Bad theatre can be painful; bad comedy is excruciating. Judging by this year's Edinburgh, though, there's much to celebrate on the modern British stageby Mary Fitzgerald / August 27, 2009 / Leave a comment
Every August, the population of Edinburgh doubles in size. During this month alone, seven festivals take place across the city; this year some 2.5m tickets were sold for nearly 40,000 theatre, music, arts and other events. It’s both a blessing and a curse. I’ve enjoyed some of the best live performance experiences of my life here; I’ve also sat through productions wishing the building would burn down around me. To fully enjoy Edinburgh, one must take risks.
Speaking at the city’s 26th book festival, the distinguished director Richard Eyre also confessed to the occasional fantasy of a playhouse engulfed in flames—usually while sitting through tense rehearsals of his own work. Discussing his new book, Talking Theatre, Eyre took on the big questions about the art form today, arguing that the digital age, far from liberating us, is making people feel more “lonely and oppressed” and actually enhancing the appeal of live events, be they theatre or pop concerts. There is a growing desire, he said, to “witness things directly.”
If, as Eyre believes, this is leading to a revival of the British stage (something also discussed by Michael Coveney in our September issue’s lead arts story), this year’s Edinburgh fringe festival seemed to be at the forefront of it. Perhaps the most intriguing piece on offer was Daniel Kitson’s 90-minute monologue, The Interminable Suicide of Gregory Church. A self-confessed “emotional hoarder” with a “weakness for glimpsed lives,” Kitson—a veteran standup comedian—has crafted a show based on the partly true story of his discovery of a suicide note in an attic. Because the deceased had no surviving family the authorities could track down, Kitson was able to acquire the letters stored in the man’s home—more than 30,000 in total, both sent and received—and over the course of two and a half years he read them in chronological order. The result is an extraordinary piece of theatre, tenderly assembling the fragments of the life of a “self-confessed miserabilist” in a work that is at once charming, honest, bleak and life-affirming. Confirmation, if ever it was needed, of how the best art is often gleaned from the seemingly ordinary.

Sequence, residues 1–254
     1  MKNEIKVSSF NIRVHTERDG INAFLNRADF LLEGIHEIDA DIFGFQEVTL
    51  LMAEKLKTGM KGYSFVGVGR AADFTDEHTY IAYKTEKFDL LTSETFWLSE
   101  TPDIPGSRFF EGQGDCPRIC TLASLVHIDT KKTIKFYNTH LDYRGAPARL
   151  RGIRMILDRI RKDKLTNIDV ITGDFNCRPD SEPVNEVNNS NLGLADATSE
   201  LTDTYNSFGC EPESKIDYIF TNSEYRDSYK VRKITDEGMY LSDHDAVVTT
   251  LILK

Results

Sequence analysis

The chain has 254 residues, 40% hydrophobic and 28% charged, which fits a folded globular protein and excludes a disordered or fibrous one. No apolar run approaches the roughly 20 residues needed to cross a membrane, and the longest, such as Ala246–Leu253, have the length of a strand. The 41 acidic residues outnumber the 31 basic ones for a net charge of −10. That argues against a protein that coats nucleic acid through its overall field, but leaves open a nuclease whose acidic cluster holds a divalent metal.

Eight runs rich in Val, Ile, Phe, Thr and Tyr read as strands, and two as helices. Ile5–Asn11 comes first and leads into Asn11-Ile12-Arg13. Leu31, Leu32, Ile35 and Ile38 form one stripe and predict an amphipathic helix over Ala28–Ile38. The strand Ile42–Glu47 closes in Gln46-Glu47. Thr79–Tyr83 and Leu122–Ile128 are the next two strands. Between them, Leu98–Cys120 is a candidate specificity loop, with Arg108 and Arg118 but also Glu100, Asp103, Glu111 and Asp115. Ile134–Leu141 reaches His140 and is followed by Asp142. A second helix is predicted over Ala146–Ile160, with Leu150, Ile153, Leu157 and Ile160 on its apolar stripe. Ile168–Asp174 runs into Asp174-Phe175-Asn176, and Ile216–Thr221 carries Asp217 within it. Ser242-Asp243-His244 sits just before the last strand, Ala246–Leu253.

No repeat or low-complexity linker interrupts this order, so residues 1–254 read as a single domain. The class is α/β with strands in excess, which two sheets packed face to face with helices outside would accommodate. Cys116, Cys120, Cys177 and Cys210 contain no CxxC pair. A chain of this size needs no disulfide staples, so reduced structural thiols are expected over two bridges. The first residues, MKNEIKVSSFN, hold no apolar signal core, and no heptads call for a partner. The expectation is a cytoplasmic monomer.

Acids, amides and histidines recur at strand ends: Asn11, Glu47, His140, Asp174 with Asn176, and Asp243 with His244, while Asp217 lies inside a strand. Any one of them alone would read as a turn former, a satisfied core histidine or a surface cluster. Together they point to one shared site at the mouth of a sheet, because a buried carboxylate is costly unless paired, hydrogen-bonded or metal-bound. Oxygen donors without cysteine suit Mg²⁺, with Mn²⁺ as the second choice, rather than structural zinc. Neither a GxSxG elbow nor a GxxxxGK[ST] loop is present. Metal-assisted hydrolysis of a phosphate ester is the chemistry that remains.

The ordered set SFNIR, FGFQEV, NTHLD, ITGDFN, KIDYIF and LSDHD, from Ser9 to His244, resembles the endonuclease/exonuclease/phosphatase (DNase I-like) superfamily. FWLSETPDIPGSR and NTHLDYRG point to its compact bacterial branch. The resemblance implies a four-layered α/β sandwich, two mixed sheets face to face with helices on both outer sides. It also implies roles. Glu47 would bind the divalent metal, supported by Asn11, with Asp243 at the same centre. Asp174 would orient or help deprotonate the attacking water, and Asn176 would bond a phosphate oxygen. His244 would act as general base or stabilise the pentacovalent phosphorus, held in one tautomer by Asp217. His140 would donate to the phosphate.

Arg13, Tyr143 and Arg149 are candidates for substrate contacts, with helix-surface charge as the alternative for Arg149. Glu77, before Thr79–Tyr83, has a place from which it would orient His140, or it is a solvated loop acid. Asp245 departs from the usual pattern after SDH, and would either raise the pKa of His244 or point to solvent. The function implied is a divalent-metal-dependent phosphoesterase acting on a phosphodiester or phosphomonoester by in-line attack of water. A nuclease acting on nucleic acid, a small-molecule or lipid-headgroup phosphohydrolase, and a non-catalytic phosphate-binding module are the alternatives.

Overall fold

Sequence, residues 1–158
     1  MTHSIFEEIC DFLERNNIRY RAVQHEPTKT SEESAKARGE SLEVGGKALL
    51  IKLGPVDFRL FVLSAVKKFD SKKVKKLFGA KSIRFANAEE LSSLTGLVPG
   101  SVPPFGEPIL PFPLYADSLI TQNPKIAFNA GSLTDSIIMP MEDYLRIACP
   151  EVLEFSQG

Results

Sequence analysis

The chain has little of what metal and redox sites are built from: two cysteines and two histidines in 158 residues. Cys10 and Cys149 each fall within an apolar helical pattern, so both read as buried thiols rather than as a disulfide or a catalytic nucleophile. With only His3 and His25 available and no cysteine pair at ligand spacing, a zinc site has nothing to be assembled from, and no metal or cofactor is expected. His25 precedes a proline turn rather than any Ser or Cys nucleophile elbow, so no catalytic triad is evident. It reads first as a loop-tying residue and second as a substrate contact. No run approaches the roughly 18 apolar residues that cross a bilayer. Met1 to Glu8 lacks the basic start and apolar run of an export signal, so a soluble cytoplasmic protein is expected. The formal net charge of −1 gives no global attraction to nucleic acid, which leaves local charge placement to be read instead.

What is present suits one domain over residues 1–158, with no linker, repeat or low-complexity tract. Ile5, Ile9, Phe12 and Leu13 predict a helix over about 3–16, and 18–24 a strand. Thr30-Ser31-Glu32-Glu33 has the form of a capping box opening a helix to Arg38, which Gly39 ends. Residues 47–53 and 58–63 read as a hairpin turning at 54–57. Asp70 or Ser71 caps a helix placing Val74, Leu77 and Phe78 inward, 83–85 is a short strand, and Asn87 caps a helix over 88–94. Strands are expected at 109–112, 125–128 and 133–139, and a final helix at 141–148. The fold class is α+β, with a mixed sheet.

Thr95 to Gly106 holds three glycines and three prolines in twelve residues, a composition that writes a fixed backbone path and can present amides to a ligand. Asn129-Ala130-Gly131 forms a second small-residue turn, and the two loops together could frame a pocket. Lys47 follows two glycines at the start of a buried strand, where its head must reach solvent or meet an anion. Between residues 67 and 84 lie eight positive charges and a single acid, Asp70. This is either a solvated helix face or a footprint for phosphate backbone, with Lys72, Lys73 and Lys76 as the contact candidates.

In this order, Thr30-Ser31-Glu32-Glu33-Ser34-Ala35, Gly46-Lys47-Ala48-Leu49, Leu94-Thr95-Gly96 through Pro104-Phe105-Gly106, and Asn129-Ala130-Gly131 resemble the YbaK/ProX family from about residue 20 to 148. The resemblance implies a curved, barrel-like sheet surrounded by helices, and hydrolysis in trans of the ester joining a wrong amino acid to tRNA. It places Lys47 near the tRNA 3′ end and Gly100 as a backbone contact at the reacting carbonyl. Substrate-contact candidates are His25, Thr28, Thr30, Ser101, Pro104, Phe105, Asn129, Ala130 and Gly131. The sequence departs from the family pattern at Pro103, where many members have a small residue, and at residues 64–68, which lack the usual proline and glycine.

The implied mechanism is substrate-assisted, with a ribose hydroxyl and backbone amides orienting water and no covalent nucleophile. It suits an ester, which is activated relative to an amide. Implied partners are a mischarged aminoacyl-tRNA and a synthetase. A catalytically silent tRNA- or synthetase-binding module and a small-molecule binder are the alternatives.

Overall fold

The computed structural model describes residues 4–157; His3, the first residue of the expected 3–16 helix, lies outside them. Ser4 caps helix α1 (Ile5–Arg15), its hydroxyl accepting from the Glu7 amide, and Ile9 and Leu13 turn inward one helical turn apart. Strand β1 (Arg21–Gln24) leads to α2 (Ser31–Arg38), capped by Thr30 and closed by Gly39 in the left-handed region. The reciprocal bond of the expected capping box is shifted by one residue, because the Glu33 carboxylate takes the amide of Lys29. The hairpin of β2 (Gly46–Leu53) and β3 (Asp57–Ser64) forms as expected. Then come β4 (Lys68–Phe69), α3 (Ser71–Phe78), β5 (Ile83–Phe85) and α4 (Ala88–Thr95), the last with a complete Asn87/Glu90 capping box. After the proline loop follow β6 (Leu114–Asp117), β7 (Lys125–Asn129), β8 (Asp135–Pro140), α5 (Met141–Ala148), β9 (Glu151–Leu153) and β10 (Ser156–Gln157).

Ordinariness was also the emphasis in Judith Thompson’s The Palace of the End, a three-part drama about the Iraq war as seen through the eyes of Lynndie England, David Kelly and Nehrjas al Saffarh, a bereaved elderly Iraqi woman. England is a fresh-faced, brash but fragile kid, brutalized and manipulated from a young age by those around her, who likens Abu Ghraib to a kid’s camp or a farm. If her remarks are shocking in their casualness—“Is there a girl in America who hasn’t been taped doing the you-know-what?”—they also play to the assumptions of a British liberal audience. David Kelly conforms to some such expectations too, calling himself a “mousy scientist” afraid to speak out until it was too late. But then the play moves away from the popular theories about his death: “the only way to defeat them is to disappear,” Kelly says, and therefore to remain always “invisibly present.” This is the prevailing theme in the last act too, by far the best crafted and performed, featuring a woman about whom we know nothing, who outlines the gruesome details of the suffering inflicted on her family at the hands of Saddam, but whose dialogue also deftly explores history, fiction, language and faith.
It would be hard to fault the play’s writing, acting and direction, yet it was hamstrung by some unavoidable drawbacks: it’s a perennial challenge to make characters in this type of political theatre convincing, and this subject in particular, although powerful, has been so well-scrutinised that it’s nearly impossible to dredge something original from it.
Originality is, of course, much easier to achieve when the focus is smaller, as was evidenced by a short duologue staged at the Pleasance this year called His Ghostly Heart. Set in a bedroom entirely in the dark, a young couple finish having sex and start having a conversation. The lack of visibility allows their words to acquire an added weight which means that although one, if not both, actors lacked the maturity or range for the piece, the quality of the writing made it a deeply affecting experience. As Richard Eyre had put it the day before, it is first and foremost the playwright whose “soul is at stake.”